My boyfriend of two years and I broke up three months ago and I can't get over him. He was the one that ended it, but we are trying to stay friends. But every time we talk, I just want him back. I'm devastated. How do I move on?
- Heart-broken, 26, California
To put it bluntly, break-up's suck. And you are only three months into yours, so don't expect to be over someone lickety-split who you spent two years of your life loving. There is no easy cure, quick fix, or pill you can take to heal faster; we all just have to go through the pain. No matter who initiates the breakup or what the reasons for it might be, it is followed by a mourning and transition process. It can be just as hard to break up with someone as it is to be dumped, too.
But you are doing something that is detrimental to your heart-break recovery. You are still talking to your ex! Listen, I understand that it is excruciating to go from talking to someone everyday to being on your own. The harder you try to hang on to something that is over, the harder you are making it for yourself. Why fight for someone who does not want you? There is probably part of you that is hopeful you will get back together. By staying friends with him you may be thinking you can reel him back in. Forget it. Have faith that if it is meant to be, you will reunite; but for now it is time to move on with your life. Ex's do not fall into the "friends" category.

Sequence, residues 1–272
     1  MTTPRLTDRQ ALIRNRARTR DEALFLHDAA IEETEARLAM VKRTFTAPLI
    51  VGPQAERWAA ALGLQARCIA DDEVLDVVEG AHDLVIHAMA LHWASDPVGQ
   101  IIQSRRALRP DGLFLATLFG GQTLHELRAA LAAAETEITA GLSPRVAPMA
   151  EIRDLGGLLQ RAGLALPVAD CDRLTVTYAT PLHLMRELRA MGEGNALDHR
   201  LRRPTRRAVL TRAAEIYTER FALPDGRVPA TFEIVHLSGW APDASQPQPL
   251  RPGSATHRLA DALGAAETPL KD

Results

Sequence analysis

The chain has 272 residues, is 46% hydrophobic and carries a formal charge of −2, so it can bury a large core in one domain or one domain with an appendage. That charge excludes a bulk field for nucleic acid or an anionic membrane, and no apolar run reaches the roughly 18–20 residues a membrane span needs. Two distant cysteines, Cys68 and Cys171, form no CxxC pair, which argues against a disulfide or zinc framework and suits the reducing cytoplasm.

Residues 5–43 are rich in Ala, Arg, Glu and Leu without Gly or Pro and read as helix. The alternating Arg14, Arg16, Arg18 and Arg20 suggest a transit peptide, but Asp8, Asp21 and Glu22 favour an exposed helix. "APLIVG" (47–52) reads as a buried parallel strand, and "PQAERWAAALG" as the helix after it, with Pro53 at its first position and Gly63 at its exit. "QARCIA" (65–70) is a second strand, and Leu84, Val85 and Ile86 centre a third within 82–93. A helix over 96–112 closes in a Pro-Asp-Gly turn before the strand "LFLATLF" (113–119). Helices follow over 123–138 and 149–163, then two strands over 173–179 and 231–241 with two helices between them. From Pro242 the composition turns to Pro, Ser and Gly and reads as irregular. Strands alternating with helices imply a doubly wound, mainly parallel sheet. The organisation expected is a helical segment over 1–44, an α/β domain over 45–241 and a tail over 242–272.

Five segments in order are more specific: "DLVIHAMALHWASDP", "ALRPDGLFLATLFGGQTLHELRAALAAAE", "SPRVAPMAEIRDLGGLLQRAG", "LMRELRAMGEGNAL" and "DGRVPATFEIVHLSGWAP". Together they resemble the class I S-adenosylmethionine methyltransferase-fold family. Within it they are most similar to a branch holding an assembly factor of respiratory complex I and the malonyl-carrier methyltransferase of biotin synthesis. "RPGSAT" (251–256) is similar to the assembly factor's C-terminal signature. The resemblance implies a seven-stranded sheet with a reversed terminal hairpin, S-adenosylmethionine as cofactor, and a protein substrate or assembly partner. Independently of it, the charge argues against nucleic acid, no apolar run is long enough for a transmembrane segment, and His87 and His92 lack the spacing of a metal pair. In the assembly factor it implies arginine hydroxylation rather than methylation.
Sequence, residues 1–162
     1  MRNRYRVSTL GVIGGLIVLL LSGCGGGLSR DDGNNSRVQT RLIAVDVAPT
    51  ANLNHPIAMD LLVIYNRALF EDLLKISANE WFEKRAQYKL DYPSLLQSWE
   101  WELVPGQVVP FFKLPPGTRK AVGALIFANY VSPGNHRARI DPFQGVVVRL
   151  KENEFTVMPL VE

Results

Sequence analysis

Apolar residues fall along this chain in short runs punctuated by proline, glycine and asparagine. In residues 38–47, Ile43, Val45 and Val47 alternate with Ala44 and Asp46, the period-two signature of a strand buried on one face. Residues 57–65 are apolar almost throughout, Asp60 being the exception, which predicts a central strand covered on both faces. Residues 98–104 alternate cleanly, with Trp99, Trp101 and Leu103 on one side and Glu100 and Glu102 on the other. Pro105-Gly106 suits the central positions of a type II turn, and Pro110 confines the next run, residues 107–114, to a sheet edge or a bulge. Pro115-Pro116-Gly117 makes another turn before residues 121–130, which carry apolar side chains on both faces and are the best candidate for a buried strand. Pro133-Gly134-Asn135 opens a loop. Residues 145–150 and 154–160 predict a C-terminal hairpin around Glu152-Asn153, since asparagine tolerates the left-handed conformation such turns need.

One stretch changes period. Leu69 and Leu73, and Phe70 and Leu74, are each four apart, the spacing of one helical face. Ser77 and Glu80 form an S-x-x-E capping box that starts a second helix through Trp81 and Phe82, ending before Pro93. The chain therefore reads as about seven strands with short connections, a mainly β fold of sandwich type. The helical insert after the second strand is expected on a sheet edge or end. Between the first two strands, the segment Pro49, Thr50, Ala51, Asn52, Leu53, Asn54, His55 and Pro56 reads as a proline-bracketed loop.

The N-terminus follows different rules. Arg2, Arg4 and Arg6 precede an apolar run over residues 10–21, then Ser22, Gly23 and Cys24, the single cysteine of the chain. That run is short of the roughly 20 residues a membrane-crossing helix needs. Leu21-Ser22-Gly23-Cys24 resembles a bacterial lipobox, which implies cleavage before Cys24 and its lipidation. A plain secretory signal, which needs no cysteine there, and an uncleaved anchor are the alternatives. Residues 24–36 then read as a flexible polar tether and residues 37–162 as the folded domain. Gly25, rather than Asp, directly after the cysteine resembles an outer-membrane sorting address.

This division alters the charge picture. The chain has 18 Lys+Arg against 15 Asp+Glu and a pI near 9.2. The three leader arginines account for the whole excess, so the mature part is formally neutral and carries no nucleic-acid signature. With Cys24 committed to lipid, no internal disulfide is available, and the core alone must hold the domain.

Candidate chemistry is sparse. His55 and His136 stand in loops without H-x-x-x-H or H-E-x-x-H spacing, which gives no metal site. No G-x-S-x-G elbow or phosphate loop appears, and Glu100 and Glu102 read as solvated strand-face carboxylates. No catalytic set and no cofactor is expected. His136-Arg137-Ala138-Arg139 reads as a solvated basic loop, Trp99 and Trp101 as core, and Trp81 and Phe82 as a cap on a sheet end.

Here is my relationship rehab suggestion for you: stop ALL contact with your ex for at least six months. And I mean all forms of contact - in person, over the phone, email, IM, texting, etc. - and NO CHEATNG! If you absolutely must relay a message to him, try to go through a mutual friend. I know it sounds drastic, but trust me, it works. When my ex-fiancé and I broke up, he insisted on no contact and was brilliant for doing so. Even though I missed him like crazy and desperately wanted to talk to him, being forced to withdraw and focus on my own life provided the quickest road to my heart-break recovery.
Another unhealthy "don't:" keeping the fantasy of the relationship alive. You may be torturing yourself by remembering all the good stuff and none of the reasons why you were not a match. Neither living in fantasyland nor the flip side, demonizing an ex, allows you to get over him. Instead, reflect on what you can learn from the relationship, then process the breakup and behave in ways that are balanced and realistic.
I also caution you against quick fixes. You may feel tempted to overeat, drink too much, have a random hook-up, or quickly find another person to date. All quick fixes are Band-Aids rather than cures and in the long run will do more harm than good. If you broke your leg, would you expect to walk on it the next day? Of course not. If you mask, medicate, or deny your feelings, you are likely to get into another relationship that will probably result in another breakup. I recommend lots of time with supportive girlfriends who will not sit around bashing your ex, but rather will simply listen to you while encouraging your healing. Some sessions with a therapist or quality time with an older female mentor could also be helpful.